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Interviews: Fantasy Faction Interview: Brandon Sanderson Stormlight Interview

Summary:

Entries

12

Date

Mar 24th, 2014

Type

Verbatim

Links

Fantasy Faction

  • 1

    A couple of weeks back our good friends at Gollancz got in contact and asked if wed like to interview one of our favourite authors, Brandon Sanderson. Of course, we said 'YES!', but because Brandon is busy we knew wed only have a very limited amount of questions wed be able to ask, so we wanted to invite the community to help us choose them. The only rules were that we wanted questions to revolve around The Stormlight Archive and, I have to say, you guys from our Forums and Reddit.com (where I asked for help coming up with questions) came through and then some: so, thank you so, so much :) The following answers from Brandon have been transcribed, enjoy!
  • 2

    Question

    The Way of Kings has been referred to as one of the finest Fantasy books released in the past decade (many would suggest much longer than that). Can you give readers a sense of how the story progresses in Words of Radiance and how you feel it compares to the first in terms of the reading experience it offers?

    Brandon Sanderson

    Boy, big question. Living up to a really successful book is always hard. As writers, you get in this mindset where you read through something that you've done, and you think, how did that even happen? How did it come together? You're always surprised, and there's always a sense of, "Well, I can never do that again." Right? But that happens consistently as you work on things. I've had that same sense for Words of Radiance. It turned out wonderfully. So where does it go? It expands the world and the characters. It shows off a new magic. It has Wit being himself. It involves more depth into the understanding of Realmatic Theory and the cosmere. It lets several of the characters really come into their own. It moves at a fast pace, and things where you may have been thinking, "Oh, it's not going to go there at least for a few more books," happen immediately instead of taking forever. This is all part of my desire and goal for the series. I wrote a really big essay for Tor.com about how I envisioned these books going, where I look at each one as being more than book, where I'm playing with the idea of what it means to be an epic. Words of Radiance went very well in that regard. I plotted it like a trilogy, and wrote it as this one book made of three books. Anyway, I'm just super excited about how it turned out. I'm trying to talk around giving any spoilers, but it's also very humbling that people have enjoyed the series so much.

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  • 3

    Question

    Every one over at Fantasy-Faction appreciates the amount of writing you are able to put out each year. At this point of your career, does writing feel like work or play to you?

    Brandon Sanderson

    It's always been both. But once you become a professional, the less fun aspects of it are the revision, particularly revising on a deadline. The writing of the actual books is still as fun as it ever was. But in the old days, if I didn't want to revise something at a certain moment, I just didn't have to. Even when I was not as popular as I am now, I didn't have to revise right away because there was so much time between when I turned in a book and when it came out. Nowadays, when editorial comments come in, I've basically got to drop everything and do revisions. I've never liked revising very much. So I would say that part of it feels more like work, while the rest of it feels about the same

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  • 4

    Question

    Is there a big difference in this for The Stormlight Archive versus projects like Steelheart?

    Brandon Sanderson

    Yes, in that the more streamlined the story, the easier the revisions tend to be. Because the more complicated the story, the higher number of viewpoints, the more you have to worry about continuity and about the characters, how what they do influences the timeline of other characters. In something like The Stormlight Archive, there is a lot more continuity involved, and that makes the revisions a lot harder.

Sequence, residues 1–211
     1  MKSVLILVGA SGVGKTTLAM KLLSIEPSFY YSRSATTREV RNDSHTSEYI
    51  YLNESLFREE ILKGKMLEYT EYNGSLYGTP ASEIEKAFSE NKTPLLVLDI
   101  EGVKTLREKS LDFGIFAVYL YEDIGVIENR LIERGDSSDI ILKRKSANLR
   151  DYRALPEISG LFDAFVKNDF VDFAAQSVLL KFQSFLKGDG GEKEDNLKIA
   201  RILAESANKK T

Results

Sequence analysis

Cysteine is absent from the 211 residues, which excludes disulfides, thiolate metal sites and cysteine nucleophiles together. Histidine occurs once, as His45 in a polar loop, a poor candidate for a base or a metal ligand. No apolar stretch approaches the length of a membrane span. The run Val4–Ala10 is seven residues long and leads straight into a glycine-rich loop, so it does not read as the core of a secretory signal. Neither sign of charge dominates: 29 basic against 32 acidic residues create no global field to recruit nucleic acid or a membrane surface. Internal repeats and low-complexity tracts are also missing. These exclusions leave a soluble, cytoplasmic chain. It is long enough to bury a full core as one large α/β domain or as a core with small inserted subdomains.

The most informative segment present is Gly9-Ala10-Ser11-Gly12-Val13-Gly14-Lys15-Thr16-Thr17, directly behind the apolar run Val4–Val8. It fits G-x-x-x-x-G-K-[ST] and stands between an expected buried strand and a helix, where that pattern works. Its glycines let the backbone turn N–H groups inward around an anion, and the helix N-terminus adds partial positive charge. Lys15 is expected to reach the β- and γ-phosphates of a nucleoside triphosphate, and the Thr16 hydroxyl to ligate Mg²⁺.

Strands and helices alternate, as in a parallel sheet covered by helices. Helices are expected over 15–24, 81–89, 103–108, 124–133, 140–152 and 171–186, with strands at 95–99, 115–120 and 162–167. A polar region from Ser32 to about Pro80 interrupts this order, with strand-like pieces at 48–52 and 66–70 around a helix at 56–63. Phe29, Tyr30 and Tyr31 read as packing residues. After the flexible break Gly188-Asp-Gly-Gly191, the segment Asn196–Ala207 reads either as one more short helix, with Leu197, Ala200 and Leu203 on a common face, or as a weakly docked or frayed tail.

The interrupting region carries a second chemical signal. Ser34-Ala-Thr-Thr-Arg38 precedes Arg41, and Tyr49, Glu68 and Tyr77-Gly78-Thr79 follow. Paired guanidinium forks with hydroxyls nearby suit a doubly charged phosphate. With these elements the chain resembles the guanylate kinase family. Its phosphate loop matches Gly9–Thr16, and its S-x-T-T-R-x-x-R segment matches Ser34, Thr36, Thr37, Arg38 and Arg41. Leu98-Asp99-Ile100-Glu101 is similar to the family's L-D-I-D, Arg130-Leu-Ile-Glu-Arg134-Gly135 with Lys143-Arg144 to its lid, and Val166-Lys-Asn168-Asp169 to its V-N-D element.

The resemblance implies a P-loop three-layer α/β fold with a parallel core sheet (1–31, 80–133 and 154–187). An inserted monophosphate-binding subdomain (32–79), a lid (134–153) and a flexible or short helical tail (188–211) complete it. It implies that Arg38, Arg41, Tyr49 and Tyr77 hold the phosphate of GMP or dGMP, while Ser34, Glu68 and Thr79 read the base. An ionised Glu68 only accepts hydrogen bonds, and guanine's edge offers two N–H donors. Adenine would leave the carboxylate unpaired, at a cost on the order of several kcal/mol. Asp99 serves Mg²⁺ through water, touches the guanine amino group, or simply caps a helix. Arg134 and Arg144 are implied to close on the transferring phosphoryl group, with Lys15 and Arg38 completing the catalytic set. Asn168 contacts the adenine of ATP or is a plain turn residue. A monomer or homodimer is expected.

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  • 5

    Question

    I'm curious as to whether committing to a 10 book series ever feels daunting.

    Brandon Sanderson

    Good question. I would say no, it doesn't. The reason being that The Stormlight Archive, as I've said many times before, is this series that I have been planning for years and years and years and years and years. Twenty-plus years I've been wanting to do this book series. Having that, and having that desire to do this, means that the book series is this awesome thing in my head. Books get into my head, and they have to come out eventually. They bug my brain until they do. This one's been bugging my brain the longest. I don't think it's daunting, because it's not like I don't know what to do for ten books. I know what to do for ten books. These books have been screaming at me for decades to get written. It's more a relief that I can finally get them on the page, that I finally have the skill in order to accomplish it. It's a relief to finally be doing the ten-book series like this that I've wanted to do for so long. That said, at dinner tonight I was chatting with my assistants, and they said, so we're going to be working on this series until we're past age fifty, aren't we, Brandon? And I said yes, we are.

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  • 6

    Question

    Someone from Earth is about to be sent off to the cosmere. They've read your first Stormlight book, but they've never really taken time to really dig deep and find out about how it sits in the overall "cosmere", so they're totally unprepared. What basic concepts regarding shards, magic systems and world hopping do you think are most important?

    Brandon Sanderson

    The first, most important thing to say to the person who's being sent there is to enjoy the story you're in. All of the cosmere stuff, the interconnection between my books and all these wonderful little things, are right now mostly Easter eggs. Which means that if you spend the whole book only worried about that, you're going to miss the beauty and fun that is the book that you're part of. I often say to people, don't worry if you read them "out of order," because it's all Easter eggs right now. Don't worry and stress if you miss something about the cosmere, because while someday that might be important, you first need to enjoy the book that you're part of. But the primer I'd give to this person is that the worlds are connected. If you show up on a planet and there's a guy named Hoid around, then be very afraid, because you're someplace very dangerous.